Towards the end of this very odd zombie movie from director Peter Jackson, our hero dispatches the zombie horde with a lawnmower strapped across his chest:

What ensues is one of the bloodiest scenes involving a lawnmower since 2002's America's Funniest Home Video's $10,000 grand prize winner.

How It Is Useful Against Your Enemies

Lawnmowers are big and clunky and chances are if you're thinking about using one as a weapon, you live in a trailer, consider Steak'ums a Thanksgiving side dish and refer to refined pork treats and warm beer as the breakfast of champions. In other words, carrying and running with a lawnmower on your body is entirely out of the question for someone with your physique. Also, the only time this is an effective weapon is if your enemies are the type who attack slowly in an all-at-once formation, and are incapable of recognizing from the first wave of your chest mower victims that it's a bad idea to just stand there (ruling out pretty much all potential assailants other than non-28 Days Later zombies and the elderly).

The ballpoint pen from Grosse Pointe Blank

Martin Blank, played by John Cusack, decides to put his hit man life on hold in order to attend his high school reunion. While Blank dances and enjoys punch, a rival assassin hired to wipe Blank out for the "Oregon snafu with that dog Boudreaux" makes his move. The two get into a brutal kickboxing match by the lockers. Finally, Blank gets him into submission, whips out the ballpoint pen he got from a schmoozy real estate agent at the reunion and sticks it right in the assassin's jugular:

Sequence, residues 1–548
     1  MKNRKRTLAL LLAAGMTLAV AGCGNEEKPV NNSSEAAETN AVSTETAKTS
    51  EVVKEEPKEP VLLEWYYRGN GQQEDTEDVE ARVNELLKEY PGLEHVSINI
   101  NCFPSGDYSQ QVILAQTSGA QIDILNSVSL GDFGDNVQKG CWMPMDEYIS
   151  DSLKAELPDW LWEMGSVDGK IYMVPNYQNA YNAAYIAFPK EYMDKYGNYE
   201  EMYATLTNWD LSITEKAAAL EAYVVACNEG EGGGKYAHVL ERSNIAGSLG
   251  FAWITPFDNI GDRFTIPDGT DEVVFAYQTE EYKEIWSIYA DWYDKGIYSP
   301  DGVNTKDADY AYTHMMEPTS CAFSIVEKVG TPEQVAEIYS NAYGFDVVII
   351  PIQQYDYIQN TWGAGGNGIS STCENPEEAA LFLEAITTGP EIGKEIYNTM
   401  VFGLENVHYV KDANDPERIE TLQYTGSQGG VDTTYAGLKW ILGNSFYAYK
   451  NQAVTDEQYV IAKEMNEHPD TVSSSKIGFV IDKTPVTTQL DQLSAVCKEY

This accomplishes the duel objectives of giving us a pretty clever little death scene, and distracting us from the fact that we're being asked to believe that John Cusack has just kicked someone's ass in a kickboxing fight.

How It Is Useful Against Your Enemies

What it causes in pain it lacks in distance. You literally have to get right up in your enemy's face for it to really do some damage, which, given the fact that they are your enemies, probably isn't something you want to do. But if you can get past their anchovy breath, large face goiter and glaring evil stare, it can cause some damage and make a huge mess. Bring some Wet Naps.

The cricket bat from Shaun of the Dead

Thousands of British zombies invade Great Britain. After about a half hour of dicking-around, Shaun and Ed realize they have to defend themselves from the pale horde of the blank-faced masses and, after trying and failing with cutlery and old records, get the job done with an old cricket bat found in the shed:

He soon delivers two zombies with a sticky wicket full of pain and uses it to fight his way through town to save his girlfriend and his mom.

How It Is Useful Against Your Enemies

The cricket bat actually beats out Al Capone's (Robert DeNiro) baseball bat in The Untouchables: While it might be less all-American, it's much thicker, flatter and makes up in weight what it lacks in speed (also, unlike The Untouchables' baseball bat murder, this one is not preceded by one of the most muddled "team player" metaphors this side of a Dunder Mifflon corporate retreat). The cricket bat also packs the added pain of being injured with a sporting good from a wimpy Euro sport-only choking on a shuttlecock is more humiliating.

The chainsaw from Evil Dead II